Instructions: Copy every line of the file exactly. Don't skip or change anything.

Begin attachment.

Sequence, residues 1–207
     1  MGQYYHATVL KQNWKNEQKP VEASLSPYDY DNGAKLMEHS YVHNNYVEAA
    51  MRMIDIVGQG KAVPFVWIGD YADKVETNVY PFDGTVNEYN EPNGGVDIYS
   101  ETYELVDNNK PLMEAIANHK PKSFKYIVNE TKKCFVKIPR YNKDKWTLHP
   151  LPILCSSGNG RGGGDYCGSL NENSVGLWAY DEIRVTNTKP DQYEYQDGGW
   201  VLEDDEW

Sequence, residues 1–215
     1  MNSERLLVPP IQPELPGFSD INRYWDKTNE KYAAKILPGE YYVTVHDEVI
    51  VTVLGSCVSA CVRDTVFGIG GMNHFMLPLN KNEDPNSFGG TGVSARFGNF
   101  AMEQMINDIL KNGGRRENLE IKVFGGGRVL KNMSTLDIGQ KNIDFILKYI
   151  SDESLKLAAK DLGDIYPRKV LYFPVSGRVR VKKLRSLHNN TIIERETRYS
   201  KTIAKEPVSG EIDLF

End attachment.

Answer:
Sequence, residues 1–207
     1  MGQYYHATVL KQNWKNEQKP VEASLSPYDY DNGAKLMEHS YVHNNYVEAA
    51  MRMIDIVGQG KAVPFVWIGD YADKVETNVY PFDGTVNEYN EPNGGVDIYS
   101  ETYELVDNNK PLMEAIANHK PKSFKYIVNE TKKCFVKIPR YNKDKWTLHP
   151  LPILCSSGNG RGGGDYCGSL NENSVGLWAY DEIRVTNTKP DQYEYQDGGW
   201  VLEDDEW

Sequence, residues 1–215
     1  MNSERLLVPP IQPELPGFSD INRYWDKTNE KYAAKILPGE YYVTVHDEVI
    51  VTVLGSCVSA CVRDTVFGIG GMNHFMLPLN KNEDPNSFGG TGVSARFGNF
   101  AMEQMINDIL KNGGRRENLE IKVFGGGRVL KNMSTLDIGQ KNIDFILKYI
   151  SDESLKLAAK DLGDIYPRKV LYFPVSGRVR VKKLRSLHNN TIIERETRYS
   201  KTIAKEPVSG EIDLF